How studios can stimulate ticket sales in local markets
When the movie Gravity opened in theaters earlier this month, the Sandra Bullock-George Clooney space odyssey brought in $55.6 million in its opening weekend and broke the box office record for the biggest October opening of all time. A combination of early critical praise, consumer “buzz,” and star power helped to drive a record number of moviegoers into theaters that weekend, leaving competitors like Cloudy With a Chance of Meatballs 2 pulling in half that amount in box office receipts.
So does this mean that if you're a studio head you should just resign yourself to less-than-stellar box office openings if you don't have a movie with huge stars and early critical praise?
Not necessarily. A recent study by Pradeep K. Chintagunta of Chicago Booth, Shyam Gopinath of the University of Utah, and Sriram Venkataraman of UNC-Chapel Hill reveals some factors that studios can control to boost how their movies perform at the box office.
What 's unique about the movie industry is that a sizeable proportion of its revenues comes from the opening weekend. For example, Shrek 2's opening weekend in May 2004 accounted for 24.7 percent of its domestic box office receipts. And while there have been nationwide measurements of box office performance, no one has taken a more granular look at how these elements affect box office performance in local markets until now.
The study examined the pre- and post-release performance of 75 movies released in 2004 in 208 geographic markets in the United States across three measures: Nationwide consumer generated blog volume; blog “valence”—a positive or negative sentiment written by a blogger—and studio advertising.
The study revealed that, with respect to blogging and advertising, gender, income, race, and age of the local population are the biggest indicators of how a movie will perform in individual markets.
Overall, release day performance is impacted most by pre-release blog volume and advertising, while post-release box office performance is influenced by post-release blog comments and reviews and advertising.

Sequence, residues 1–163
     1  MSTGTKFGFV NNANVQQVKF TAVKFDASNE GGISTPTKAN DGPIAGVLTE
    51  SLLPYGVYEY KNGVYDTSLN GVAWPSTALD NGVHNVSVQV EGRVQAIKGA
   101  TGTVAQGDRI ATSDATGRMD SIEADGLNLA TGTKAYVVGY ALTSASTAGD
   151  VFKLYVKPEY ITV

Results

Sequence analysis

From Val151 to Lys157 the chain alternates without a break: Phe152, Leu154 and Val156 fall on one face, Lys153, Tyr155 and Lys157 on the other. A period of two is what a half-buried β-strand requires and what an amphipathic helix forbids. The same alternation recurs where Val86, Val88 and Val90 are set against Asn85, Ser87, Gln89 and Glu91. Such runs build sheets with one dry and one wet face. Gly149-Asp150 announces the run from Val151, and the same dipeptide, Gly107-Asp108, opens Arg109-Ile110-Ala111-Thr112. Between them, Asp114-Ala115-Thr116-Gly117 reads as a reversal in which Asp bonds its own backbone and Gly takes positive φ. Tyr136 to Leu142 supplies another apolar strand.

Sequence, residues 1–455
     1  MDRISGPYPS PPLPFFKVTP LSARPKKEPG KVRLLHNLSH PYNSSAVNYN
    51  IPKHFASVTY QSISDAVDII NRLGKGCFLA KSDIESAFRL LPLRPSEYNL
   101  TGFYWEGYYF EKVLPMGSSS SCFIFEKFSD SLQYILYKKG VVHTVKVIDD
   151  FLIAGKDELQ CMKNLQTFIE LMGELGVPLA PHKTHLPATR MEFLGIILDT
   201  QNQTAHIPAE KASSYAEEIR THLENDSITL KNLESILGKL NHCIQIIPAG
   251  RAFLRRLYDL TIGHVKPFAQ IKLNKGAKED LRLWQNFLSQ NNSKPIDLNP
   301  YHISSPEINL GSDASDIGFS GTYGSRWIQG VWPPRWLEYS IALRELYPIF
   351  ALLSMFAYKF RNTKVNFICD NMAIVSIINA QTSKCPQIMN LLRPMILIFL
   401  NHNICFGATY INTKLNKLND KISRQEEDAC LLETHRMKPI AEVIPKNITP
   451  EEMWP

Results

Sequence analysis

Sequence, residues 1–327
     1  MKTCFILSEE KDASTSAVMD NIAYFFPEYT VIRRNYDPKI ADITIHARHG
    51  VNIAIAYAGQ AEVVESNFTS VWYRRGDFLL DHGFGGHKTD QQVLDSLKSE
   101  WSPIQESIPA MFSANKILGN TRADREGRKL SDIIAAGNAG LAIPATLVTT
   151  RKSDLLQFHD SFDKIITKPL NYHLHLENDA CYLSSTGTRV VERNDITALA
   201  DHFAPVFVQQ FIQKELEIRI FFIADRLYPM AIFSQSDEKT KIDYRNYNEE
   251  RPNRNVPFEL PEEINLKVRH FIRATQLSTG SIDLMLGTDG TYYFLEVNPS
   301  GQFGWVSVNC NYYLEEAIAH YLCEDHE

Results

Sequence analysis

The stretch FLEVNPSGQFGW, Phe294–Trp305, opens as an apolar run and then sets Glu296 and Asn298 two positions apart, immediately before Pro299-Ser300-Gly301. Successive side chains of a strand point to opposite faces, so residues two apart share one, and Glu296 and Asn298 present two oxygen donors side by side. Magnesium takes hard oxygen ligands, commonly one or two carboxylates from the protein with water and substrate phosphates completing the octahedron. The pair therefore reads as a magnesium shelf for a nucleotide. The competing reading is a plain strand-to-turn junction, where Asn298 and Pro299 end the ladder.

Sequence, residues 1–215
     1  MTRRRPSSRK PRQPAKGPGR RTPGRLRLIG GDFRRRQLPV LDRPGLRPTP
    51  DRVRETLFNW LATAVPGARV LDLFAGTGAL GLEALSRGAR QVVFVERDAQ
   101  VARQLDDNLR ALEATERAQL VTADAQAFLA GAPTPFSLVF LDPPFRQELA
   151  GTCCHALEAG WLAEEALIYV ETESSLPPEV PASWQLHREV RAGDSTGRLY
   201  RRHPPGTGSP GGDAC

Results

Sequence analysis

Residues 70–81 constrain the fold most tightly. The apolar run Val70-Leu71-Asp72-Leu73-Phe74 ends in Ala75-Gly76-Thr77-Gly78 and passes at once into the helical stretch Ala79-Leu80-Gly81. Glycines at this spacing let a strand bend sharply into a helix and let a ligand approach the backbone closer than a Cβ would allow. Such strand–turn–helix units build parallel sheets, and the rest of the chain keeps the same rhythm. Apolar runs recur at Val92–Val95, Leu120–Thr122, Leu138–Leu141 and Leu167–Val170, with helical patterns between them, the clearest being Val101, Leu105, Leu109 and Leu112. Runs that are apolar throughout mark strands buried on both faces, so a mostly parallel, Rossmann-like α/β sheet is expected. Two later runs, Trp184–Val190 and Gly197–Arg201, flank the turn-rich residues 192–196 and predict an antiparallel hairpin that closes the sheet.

In terms of income, higher income people have adopted the internet more readily, but once online, lower-educated and lower-income consumers spend more time online, giving them greater exposure to blog posts. There have also been various studies that show that younger, lower income and lower-educated people can be more influenced by advertising than higher educated people.
In regards to age, blog readers tend to be young, so the local readership will likely mimic the area’s demographics. If the population skews older, blogs will have less impact on moviegoers' behavior.
The biggest impact on box office performance, however, is gender. A higher proportion of women in a population lowers box office performance with respect to blog valence and advertising much more than any other demographic feature.
As a result, the authors have drawn some general conclusions: Having more women in a market makes it less sensitive to blog sentiments and less sensitive to advertising; having more young consumers in market enhances the impact of blog volume but lowers the effect of blog valance; and high income markets are less responsive to blog sentiments and advertising.
Taken together, these three findings suggest that studios engaging in spot advertising may want to reduce their advertising in markets with higher income, as well as those with more women and more younger consumers. Furthermore, markets with larger white populations are more sensitive to advertising—studios might want to direct more advertising in these markets. At the same time, markets with large white populations are less sensitive to blog valence.
Chintagunta, Gopinath and Venkataraman also ranked the top 20 markets according to blog volume, blog valence, and advertising. Their data didn't show any natural geographic or regional grouping, but did reveal some general trends. The markets highly responsive to advertising seem to be concentrated in the Midwest, and the markets less responsive to both blogs and advertising seem to be in the East Coast.
Several large markets for box office revenues, such as Denver, Los Angeles and Chicago, rank high for being sensitive to “buzz.” These same markets, however, are much less sensitive to blog valence and advertising.
Markets that are sensitive to post-release blog valence tend to include smaller towns such as Baton Rouge, Louisiana, and Springfield, Illinois,, and there a few medium-sized cities such as New Orleans and Rochester, NY, that are very responsive to advertising.
These rankings can provide studios with information on how to target release markets, especially if a movie is in limited release. For instance, if a studio wanted to generate pre-release buzz by having special events around a movie, Chicago and Denver would be smart markets to choose. And if a studio wants to market its advertising more judiciously, cities like Charlottesville, Virginia, or Marquette, Wisconsin, are smart bets.
The authors also also discovered which kind of genres do well in certain large markets. In New York, for example, comedies perform better at the box office than thrillers.
Currently, at the time of a movie’s first release, studios cover only 53 percent of the most responsive advertising markets and 44 percent of the most responsive markets to pre-release blog volume, thus leaving considerable room for improvement for pre- and post-marketing efforts for movies.
If studios take into account the findings revealed in this study, they would be able to target their marketing strategies more judiciously and drive more moviegoers into theaters. And while every movie can't have a blockbuster opening like Gravity, there's plenty of money to be made from more modestly performing films.
—Mary Ellen Egan